Message From the President: CAN/CGSB 51.34-M86 for underslab? Really?

By David Boyle, CTR
The ‘asbestos of the 2010s,’ radon is a radioactive, colourless, odourless, tasteless gas that occurs naturally in soil. Everyone’s concern is how to vent off this dangerous gas from new and existing buildings. Unfortunately, there is confusion over which standard to use. Seminars are being conducted for municipal and government employees who are now on a quest to ensure their jurisdictions are safe for us and our future generations to come and safety features are being put into place. Many municipalities are now asking for any new residential or commercial structures to have a radon mitigation system that includes granular material, gas barrier, and vent stack. This is a great idea except most people only think of CAN/CGSB 51.34-M86, Vapour Barrier, Polyethylene Sheet for Use in Building Construction—a fine standard, but one intended for polyethylene vapour barrier in wall assemblies rather than underslab applications.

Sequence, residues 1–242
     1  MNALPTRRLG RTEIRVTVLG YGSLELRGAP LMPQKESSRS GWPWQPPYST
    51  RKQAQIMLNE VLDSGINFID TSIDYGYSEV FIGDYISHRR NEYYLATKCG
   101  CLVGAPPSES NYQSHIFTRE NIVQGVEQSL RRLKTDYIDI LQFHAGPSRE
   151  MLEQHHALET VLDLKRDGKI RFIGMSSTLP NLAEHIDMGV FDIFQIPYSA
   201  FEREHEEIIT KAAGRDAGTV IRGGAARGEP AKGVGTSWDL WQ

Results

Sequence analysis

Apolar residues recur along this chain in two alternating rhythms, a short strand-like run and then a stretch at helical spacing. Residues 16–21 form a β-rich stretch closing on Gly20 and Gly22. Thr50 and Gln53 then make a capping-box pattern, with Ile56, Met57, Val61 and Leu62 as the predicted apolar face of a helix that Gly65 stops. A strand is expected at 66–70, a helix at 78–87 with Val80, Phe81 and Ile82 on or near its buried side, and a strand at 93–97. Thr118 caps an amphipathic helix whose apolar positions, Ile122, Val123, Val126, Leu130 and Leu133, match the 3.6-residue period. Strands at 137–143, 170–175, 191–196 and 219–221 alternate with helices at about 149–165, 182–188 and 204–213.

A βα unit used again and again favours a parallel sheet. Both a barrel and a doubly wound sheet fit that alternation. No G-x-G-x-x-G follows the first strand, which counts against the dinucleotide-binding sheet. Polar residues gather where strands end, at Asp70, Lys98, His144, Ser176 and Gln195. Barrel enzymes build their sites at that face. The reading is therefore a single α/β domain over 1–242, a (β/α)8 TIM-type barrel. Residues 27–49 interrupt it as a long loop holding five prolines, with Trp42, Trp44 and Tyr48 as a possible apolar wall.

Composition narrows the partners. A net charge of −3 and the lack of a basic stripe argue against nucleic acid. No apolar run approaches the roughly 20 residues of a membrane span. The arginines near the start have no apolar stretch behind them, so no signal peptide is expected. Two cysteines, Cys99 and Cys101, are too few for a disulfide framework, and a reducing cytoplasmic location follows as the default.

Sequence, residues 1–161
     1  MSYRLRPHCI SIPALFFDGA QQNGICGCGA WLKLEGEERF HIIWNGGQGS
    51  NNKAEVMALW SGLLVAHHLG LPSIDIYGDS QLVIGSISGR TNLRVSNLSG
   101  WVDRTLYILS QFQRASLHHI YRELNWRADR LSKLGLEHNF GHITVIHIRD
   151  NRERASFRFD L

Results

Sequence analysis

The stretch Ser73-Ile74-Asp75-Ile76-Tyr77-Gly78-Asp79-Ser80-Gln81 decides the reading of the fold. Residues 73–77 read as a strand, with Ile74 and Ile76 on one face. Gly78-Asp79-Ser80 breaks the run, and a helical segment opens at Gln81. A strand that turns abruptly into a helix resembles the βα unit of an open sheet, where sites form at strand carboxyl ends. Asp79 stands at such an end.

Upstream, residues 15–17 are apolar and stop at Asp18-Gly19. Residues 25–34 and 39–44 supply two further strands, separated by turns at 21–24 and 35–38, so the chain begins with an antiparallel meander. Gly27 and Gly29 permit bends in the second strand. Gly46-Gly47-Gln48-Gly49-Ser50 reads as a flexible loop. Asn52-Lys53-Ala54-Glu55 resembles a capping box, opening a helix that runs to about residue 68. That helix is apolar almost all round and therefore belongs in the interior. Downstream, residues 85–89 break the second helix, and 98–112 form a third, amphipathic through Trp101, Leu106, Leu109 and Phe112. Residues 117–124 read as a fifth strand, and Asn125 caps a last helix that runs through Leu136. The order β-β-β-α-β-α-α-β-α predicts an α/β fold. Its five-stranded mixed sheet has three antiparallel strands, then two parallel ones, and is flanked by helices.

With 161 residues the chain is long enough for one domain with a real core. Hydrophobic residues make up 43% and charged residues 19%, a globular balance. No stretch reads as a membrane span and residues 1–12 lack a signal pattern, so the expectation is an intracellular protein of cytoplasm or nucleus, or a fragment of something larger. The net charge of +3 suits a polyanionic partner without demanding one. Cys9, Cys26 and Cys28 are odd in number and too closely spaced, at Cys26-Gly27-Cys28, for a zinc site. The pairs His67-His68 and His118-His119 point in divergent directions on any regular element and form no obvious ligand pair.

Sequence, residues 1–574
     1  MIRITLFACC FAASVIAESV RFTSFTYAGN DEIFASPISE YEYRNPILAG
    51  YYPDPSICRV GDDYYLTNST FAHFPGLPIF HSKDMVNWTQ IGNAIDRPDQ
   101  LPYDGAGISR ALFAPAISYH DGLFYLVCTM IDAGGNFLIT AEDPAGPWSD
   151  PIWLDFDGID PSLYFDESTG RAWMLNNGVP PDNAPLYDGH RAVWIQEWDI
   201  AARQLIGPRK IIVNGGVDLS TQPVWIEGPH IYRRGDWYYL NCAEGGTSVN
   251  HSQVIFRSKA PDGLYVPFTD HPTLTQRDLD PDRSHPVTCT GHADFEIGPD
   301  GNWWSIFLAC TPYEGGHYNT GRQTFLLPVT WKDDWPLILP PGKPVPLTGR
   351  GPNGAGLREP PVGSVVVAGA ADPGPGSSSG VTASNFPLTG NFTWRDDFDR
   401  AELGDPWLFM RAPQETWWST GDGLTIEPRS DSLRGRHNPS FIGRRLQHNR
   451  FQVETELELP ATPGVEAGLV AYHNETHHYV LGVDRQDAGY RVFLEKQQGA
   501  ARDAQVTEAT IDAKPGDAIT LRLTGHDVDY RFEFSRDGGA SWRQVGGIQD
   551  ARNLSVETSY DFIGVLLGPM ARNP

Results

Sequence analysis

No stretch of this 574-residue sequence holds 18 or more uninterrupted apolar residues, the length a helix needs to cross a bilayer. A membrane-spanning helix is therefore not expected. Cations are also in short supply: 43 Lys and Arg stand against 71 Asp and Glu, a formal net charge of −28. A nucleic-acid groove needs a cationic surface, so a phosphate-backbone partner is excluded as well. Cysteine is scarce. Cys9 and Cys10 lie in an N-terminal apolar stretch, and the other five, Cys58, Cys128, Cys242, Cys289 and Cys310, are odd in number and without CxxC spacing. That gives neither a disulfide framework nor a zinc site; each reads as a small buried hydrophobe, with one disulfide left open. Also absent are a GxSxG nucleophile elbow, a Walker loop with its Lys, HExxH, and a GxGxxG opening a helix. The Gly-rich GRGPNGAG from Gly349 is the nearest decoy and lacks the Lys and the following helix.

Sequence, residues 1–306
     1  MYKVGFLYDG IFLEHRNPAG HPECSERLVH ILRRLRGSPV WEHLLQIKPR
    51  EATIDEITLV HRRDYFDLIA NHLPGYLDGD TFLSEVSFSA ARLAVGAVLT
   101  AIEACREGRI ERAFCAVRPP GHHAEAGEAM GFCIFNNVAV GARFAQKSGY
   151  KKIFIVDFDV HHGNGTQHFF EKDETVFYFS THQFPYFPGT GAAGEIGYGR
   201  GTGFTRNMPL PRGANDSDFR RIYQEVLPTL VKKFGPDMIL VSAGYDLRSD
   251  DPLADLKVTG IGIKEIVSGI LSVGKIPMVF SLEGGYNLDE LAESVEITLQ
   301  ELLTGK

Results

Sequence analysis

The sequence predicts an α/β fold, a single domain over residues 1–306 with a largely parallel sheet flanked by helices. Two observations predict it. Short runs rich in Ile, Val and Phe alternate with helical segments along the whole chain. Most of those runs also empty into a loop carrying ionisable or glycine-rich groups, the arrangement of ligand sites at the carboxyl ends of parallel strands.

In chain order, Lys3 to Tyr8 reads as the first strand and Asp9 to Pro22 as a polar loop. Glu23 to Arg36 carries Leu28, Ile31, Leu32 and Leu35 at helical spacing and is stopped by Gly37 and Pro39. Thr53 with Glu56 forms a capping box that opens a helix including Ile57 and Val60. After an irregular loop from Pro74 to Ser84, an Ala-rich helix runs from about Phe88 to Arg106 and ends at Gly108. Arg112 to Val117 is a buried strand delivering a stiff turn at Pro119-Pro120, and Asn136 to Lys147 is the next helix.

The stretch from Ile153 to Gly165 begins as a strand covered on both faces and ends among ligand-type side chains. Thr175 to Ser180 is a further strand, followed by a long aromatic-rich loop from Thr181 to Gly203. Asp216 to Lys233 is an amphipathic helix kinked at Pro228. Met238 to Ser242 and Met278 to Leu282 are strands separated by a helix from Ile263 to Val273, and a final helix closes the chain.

I have contacted various architectural firms and municipal employees who look after the construction and codes to educate them that they should instead be using ASTM E1745, Standard Specification for Plastic Water Vapor Retarders Used in Contact with Soil or Granular Fill under Concrete Slabs. I cannot tell if they are being patriotic by wanting to use a “Canadian” source, but this ASTM standard is international—and applies here.

In Scope, Section 1.2, CAN/CGSB-51.34-M86 explicitly says the standard is not intended to apply to vapour barrier materials used under concrete slabs (i.e. below-grade radon barriers), stating “Material to this standard is primarily intended for use in above-grade building construction and on the interior of below-grade building construction. This standard is not intended to apply to vapour barrier materials for use under concrete slabs or as ground cover in crawl spaces.”

Further, while some polyethylenes meet the vapour permeance requirements of CAN/CGSB-51.34-M86, they may fall short when it comes to punctures, throwing the permeance out the window. In ASTM E1745, each class has the same vapour permeance requirement, but it is differentiated based on puncture resistance and tensile strength. The CGSB standard also refers to ASTM testing like D882 (tensile strength and elongation), D1709 (impact strength), and E96 (water vapour permeance)—all already part of the requirements for ASTM E1745.

In the next issue of Construction Canada, I’ll have more to say on this important topic.

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